Five Sicilian Pastas
Pasta consumption and production is spread out throughout all of Italy, but there’s something magical about pasta in Sicily, from the shapes and their names to the sauces and all ingredients used to make the sauce: starting from the pachino tomato which grows on the southern coast of the island to the equally famous but slightly more expensive gamberi rossi from Mazara del Vallo. During my recent trip to Sicily I was able to taste many different shapes and sauces of pasta – I know, it was as horrible as it sounds! – and round up 5 pasta dishes that simply can’t be missed.
Pasta #1 Busiate al pesto trapanese
I had already written a little about this curiously shaped pasta, who’s name derives from the busa, a long dry grass typically found throughout all of Sicily. The best way to taste this delicious shape is when paired with Trapani’s own pesto, made with basil, garlic, tomatoes, olive oil and ricotta. My favorite place to gobble up a plate of steaming busiate is at Cantina Siciliana, hidden deep within the city’s narrow streets.
Pasta #2 Linguine con rana pescatrice, pomodori, mandorle e briciole
A new discovery for me, this great combination of flavours was simply sensational. Full of different textures, from the al dente linguine to the crunchy toasted almonds and soft, expertly cooked rana pescatrice (monkfish) which balanced each other perfectly in every bite. You can often find a swordfish and aubergine alternative, which I also highly recommend!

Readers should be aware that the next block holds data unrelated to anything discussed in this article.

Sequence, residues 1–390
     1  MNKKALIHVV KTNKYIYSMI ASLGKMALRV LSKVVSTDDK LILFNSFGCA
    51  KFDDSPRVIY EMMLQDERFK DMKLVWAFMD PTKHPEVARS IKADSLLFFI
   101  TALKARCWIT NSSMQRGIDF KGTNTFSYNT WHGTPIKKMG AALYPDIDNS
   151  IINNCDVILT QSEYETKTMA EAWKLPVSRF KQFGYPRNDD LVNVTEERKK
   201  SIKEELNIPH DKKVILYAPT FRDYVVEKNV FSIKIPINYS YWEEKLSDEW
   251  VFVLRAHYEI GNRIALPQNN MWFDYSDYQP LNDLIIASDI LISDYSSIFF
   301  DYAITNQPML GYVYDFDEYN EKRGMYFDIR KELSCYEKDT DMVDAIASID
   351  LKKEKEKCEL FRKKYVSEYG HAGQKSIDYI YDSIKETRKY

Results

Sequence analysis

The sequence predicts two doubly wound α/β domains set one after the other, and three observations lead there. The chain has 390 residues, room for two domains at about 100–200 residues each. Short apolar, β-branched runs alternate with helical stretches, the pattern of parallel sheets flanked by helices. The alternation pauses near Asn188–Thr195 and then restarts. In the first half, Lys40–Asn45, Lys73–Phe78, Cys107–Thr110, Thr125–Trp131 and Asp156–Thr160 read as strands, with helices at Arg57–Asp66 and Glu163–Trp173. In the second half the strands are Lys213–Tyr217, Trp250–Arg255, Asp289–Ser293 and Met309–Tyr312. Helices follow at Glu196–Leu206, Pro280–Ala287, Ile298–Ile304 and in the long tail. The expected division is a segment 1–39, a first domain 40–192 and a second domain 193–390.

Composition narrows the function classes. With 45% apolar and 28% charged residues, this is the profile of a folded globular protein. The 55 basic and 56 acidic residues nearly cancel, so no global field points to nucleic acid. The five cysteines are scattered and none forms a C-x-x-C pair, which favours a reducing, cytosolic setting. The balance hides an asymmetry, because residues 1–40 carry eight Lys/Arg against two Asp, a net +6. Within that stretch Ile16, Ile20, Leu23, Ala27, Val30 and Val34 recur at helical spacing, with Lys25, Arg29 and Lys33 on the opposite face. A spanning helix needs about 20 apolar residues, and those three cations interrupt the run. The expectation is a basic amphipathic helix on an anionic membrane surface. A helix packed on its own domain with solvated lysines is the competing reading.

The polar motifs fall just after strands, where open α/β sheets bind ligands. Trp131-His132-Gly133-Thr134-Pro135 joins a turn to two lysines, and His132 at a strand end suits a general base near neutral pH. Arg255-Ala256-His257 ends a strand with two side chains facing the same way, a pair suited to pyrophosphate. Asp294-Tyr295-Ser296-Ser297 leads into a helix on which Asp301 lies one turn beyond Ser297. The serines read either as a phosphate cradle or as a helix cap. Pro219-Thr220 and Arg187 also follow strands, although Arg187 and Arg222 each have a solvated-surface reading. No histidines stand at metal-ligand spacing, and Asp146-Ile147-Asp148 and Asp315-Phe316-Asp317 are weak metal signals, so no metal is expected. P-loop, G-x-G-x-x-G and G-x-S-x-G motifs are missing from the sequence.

Pasta #3 Rigatoni alla Norma
Yes—red is a recurring theme in this post. Pasta alla Norma is one of Sicily’s most emblematic dishes, and for a very good reason. Sicilian chefs just have this wonderful ability to fry aubergines in the most spectacular way you’ve ever tasted. They’re full of flavour but not too oily, soft but still with a great bite to them. You can find it pretty much anywhere, but in Palermo I recommend Ferro di Cavallo.
Pasta #4 Busiate con pesto di pistacchi e gamberi
Another wonderful ingredient at the base of the Sicilian food are pistachios. If you think you’ve tasted a good, real pistachio before coming to Sicily. think again. They make everything and put them on anything, and it always tastes sublime. My favourite savoury combination is with shrimps and a handful of pachino tomatoes, mixed into a piping hot pasta. My favorite was at La Tavernetta in the tiny town of Scopello.
Pasta #5 Pasta c’anciova e ca muddica
Definitely the hardest one to pronounce, but surprisingly delicious none the less. Probably the hardest one to find as it is traditionally tied to Palermo, these extra long mafalde served with anchovy pasta and sauce, all topped with toasted breadcrumbs are a wonderful discovery. Once again a reminder of how the best things are truly made from a few, simple ingredients! You can taste these at Ferro di Cavallo, in Palermo.